Nick DePalma Dissertation Defense

December 2, 2016


MIT Media Lab, E15-341


In this thesis, DePalma presents an interactive robotic agent that follows pointing gestures and gaze cues and, through a bidirectional exchange of referential gesture, directs its internal indexing system toward both well-known recognizable objects as well as novel configurations of stimuli. This research investigates phenomena in two major domains of human-robot joint attention: 1) an analysis of gesture toward foreground shaping in static scenes and 2) an analysis of the sustainability of joint attention as a behavioral phenomenon over time. This research contributes novel observations on participant fatigue, gaze manipulation, as well as finding evidence that novel, compound deictic action is used by participants within an interaction between a human, a robot, and a dynamic scene. This work critically probes our understanding of systems designed for joint attention in human-robot interaction, our understanding of gaze guiding with a synthetic agent, and memory imprinting on human partners in similar architectures and makes recommendations that may improve human-robot peer-to-peer learning.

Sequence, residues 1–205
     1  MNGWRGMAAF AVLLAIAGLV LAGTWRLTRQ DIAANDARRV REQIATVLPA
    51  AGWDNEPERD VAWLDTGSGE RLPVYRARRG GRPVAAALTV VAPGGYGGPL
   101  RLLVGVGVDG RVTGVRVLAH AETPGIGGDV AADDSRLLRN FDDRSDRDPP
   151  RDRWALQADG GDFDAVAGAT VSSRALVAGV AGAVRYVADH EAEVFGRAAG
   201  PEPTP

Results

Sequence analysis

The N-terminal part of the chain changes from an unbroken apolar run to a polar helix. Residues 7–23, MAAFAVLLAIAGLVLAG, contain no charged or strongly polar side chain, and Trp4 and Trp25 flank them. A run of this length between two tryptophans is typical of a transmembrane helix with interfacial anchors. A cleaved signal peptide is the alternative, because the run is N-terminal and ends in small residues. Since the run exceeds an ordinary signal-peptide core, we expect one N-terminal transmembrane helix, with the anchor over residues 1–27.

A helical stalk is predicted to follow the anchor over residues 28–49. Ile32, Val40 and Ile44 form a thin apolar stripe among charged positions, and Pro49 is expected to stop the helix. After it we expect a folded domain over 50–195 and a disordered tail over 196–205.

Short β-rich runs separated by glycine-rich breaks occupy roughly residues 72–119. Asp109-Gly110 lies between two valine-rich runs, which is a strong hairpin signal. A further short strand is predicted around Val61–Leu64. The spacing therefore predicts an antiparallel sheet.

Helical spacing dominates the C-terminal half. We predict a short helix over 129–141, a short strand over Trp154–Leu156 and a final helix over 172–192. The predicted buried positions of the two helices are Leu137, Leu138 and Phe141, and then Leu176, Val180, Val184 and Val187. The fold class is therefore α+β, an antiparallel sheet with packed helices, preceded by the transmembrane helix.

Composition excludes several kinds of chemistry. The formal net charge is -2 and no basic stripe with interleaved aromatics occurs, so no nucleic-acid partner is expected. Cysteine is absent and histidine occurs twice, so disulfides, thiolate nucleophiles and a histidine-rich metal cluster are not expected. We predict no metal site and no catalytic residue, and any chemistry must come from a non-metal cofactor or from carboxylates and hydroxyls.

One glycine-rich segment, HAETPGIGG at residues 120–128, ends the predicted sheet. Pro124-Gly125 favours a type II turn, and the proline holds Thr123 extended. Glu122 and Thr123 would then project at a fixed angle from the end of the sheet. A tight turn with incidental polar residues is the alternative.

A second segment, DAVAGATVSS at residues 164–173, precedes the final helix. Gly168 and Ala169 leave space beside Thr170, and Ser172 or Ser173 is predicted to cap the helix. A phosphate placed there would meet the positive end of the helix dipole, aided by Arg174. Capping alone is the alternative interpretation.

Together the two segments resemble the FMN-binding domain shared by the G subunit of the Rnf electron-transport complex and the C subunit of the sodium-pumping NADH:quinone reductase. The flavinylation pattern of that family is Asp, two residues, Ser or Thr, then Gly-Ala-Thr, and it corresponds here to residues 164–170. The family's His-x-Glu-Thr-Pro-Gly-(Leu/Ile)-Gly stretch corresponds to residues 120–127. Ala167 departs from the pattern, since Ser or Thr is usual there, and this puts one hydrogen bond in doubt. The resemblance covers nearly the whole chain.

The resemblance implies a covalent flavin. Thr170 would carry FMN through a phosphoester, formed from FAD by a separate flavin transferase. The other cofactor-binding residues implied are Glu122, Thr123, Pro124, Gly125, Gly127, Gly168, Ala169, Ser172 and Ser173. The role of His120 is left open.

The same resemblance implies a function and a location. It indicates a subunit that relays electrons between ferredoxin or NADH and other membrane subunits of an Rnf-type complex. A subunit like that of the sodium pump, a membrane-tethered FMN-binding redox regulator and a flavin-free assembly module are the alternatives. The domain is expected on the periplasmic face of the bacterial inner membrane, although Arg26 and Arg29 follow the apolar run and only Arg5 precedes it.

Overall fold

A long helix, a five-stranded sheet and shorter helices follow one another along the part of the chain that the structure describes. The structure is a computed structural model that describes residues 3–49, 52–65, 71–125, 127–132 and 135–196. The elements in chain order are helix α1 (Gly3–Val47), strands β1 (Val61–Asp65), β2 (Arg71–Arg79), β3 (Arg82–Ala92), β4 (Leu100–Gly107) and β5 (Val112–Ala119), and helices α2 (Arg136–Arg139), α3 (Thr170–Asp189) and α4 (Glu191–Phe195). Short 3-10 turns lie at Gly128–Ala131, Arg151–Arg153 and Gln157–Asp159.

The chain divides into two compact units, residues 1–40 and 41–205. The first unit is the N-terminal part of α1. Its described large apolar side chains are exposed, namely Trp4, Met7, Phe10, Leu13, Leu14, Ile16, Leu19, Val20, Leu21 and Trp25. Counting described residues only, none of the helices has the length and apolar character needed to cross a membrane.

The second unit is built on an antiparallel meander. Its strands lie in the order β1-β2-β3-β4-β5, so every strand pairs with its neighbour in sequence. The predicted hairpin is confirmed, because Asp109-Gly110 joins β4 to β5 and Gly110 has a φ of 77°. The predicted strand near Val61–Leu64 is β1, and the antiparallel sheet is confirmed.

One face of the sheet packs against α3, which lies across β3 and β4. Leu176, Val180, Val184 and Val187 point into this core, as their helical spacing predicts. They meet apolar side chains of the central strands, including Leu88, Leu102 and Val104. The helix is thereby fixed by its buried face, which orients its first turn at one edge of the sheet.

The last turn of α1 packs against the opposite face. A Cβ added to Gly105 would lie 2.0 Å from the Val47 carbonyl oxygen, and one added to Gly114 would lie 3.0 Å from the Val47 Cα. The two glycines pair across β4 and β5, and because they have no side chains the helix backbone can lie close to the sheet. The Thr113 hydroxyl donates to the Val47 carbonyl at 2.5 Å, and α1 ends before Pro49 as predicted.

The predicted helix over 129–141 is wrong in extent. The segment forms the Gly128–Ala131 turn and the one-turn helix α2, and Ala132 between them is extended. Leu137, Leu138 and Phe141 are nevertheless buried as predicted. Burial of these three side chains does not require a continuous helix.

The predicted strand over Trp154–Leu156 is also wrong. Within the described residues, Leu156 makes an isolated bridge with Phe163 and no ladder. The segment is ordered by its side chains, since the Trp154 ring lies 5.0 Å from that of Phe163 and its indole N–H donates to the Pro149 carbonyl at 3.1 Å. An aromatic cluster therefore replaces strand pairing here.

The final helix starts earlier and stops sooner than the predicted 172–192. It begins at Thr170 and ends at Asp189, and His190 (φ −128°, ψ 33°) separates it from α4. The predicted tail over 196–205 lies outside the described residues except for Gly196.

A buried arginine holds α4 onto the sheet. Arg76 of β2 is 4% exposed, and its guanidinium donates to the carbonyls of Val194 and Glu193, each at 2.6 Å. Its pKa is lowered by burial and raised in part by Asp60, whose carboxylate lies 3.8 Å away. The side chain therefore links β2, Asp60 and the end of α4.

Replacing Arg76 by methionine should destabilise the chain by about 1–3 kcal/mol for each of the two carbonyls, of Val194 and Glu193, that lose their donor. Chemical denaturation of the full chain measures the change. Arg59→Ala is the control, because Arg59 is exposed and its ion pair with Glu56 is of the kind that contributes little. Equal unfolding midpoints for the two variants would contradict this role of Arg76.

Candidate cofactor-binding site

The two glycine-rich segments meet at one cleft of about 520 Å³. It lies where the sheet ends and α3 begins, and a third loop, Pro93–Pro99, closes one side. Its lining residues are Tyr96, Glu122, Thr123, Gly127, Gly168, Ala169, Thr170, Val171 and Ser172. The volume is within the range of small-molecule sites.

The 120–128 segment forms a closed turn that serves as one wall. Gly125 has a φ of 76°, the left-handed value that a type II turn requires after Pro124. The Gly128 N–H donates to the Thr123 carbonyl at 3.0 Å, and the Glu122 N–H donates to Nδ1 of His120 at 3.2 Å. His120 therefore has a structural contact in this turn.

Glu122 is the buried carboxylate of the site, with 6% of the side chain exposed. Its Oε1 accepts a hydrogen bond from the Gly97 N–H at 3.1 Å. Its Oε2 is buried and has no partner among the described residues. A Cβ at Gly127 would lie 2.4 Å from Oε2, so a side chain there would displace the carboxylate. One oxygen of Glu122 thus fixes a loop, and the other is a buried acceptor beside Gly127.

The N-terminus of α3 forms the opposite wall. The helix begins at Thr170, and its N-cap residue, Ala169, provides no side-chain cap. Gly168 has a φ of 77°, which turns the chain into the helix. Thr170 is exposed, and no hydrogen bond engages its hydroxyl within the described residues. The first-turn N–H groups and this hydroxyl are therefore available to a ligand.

Host/Chair: Cynthia Breazeal


Brian ScassellatiJulie Shah

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